The final step, namely the make-up of the fairy turned out to be a daunting task in its own right! The eyes are about 5 mm wide and 2.5 mm high. Make-up in double shades on the eyelid seemed like the miniscule dissections one does in the high-school. A 00 number brush also seemed to be overwhelmingly big but then we pulled it off and she ended up looking every bit as alluring as we intended her to look :)

So, here we go, Thumbelina for everyone :)

Saturday, July 25, 2015

Handling Casting Resin - A series of free tutorials

Hello All,

Here is a series of tutorials for using resin on paper jewellery. The resin is available with A1 Craft Supplies. You can contact them for purchasing the resin. Art'zire want to specially thank Richa Kapre of Rock, Paper and Scissor for her generous contribution to the knowledge in resin-handling.

My humble request to all users of resin: Resin handling is an exercise in patience. Hurrying the process with cause blotchy results. Please do read the instructions on your resin packaging carefully.

Part 1 - Preparation of surface for applying resin......

Very often, you are likely to encounter surfaces that have painted and drawn patterns on then. It is always better to cover the surface completely with a clear drying glue (like Fevicryl Fabric Glue, Camlin Crafty Glue or Faber Castell White Glue). Always allow for COMPLETE drying of the glue before you apply resin.

Part 2 - Mixing Resin

Mixing the resin is the most crucial of all steps in the handling of resin. Unfortunately, very small things can be the make-or-break factors while handling resin. This video shows how one can mix resin. The key is to be patient and work slowly.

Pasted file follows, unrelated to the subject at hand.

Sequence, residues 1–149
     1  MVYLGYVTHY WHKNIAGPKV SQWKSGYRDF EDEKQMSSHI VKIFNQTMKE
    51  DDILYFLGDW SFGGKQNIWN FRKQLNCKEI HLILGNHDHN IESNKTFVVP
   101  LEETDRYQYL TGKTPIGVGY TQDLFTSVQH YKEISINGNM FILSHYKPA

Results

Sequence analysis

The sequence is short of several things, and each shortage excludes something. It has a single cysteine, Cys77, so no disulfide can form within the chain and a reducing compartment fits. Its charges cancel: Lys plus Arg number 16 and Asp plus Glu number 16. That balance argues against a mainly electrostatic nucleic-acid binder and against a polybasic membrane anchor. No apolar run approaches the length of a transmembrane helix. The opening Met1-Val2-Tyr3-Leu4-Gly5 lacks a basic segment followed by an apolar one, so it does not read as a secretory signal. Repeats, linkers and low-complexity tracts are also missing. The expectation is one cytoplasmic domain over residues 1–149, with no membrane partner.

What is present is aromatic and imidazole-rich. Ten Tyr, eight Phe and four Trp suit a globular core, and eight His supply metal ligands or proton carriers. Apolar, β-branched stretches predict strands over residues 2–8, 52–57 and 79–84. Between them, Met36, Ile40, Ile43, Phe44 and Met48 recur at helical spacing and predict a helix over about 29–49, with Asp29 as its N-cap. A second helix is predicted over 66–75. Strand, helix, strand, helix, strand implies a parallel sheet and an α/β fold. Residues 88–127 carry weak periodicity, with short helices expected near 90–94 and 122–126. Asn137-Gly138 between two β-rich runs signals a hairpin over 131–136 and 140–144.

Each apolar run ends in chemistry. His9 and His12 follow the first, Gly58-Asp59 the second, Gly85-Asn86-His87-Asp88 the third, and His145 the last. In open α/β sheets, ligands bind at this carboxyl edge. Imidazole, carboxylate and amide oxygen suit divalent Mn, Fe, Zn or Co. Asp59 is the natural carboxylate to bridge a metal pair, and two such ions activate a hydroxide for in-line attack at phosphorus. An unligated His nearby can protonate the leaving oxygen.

Part 3 - Applying resin on Enclosed Surfaces

Resin has most commonly been used for 'filling' up enclosed surfaces to create a "cabochon" like effect. This effect needs resin to be 'filled' in spaces. Though it may sound trivial, these very bubbles (in extreme cases, many small or large bubbles) can bring about "fogginess" to the resin coating and lead to bad finishing.

Part 4 - Popping the Bubbles

No amount of handling carefully can ensure zero bubbles. Fortunately, Richa has worked very hard at developing techniques to dispel these little jewellery spoilers :)

Part 5 - Coating a 3D surface (e.g. a jhumka)

One of the most common question we've been asked so far is, can resin be used to coat quilled jewellery. We'll answer it with a very reserved yes. We don't really know if it can be used on all types of quilling jewellery but it can be used on quilled jhumkas. How? Watch :) [Information courtesy: Richa]

Part 6 - Cleaning a resin coated brush

Since application of resin to a 3D surface needs a brush to be used and one wouldn't want to lose the brush, cleaning of that brush is imperative. Here is the video for how you can clean the brush after using it for coating the 3D surface(s)

Part 7 - Getting "Concave" effect on an enclosed surface

Part 8 - Getting Concave effect on an unenclosed surface

Wednesday, June 17, 2015

An ode to a relationship

Hello All,

We take to writing after a long time..........and take to it with a beautiful thing to announce. A1 Craft Supply has been our choice of suppliers for a whole host of craft material, for quite some time now. Reason? Simple! We are into customization big time and A1 are the only suppliers who bend backwards to get us our quirky requirements to us, in time, every time............don't believe us? See the Jodha jhumkas........they had no idea what we were going to do with such small half pearls but they put their faith in us and searched Heaven and Earth to look for what we wanted. We needn't tell you that Jodhas turned out to be our most popular ever series of jewellery...........

So, when A1 placed and order with us, we got going AND loved doing it. Here comes our version of their logo.........

Some work-in-progress pictures too..........

Sending our heartfelt gratitude to A1 Craft Supply, in the form of the skills we can pour into their order :)

- Art'zire Team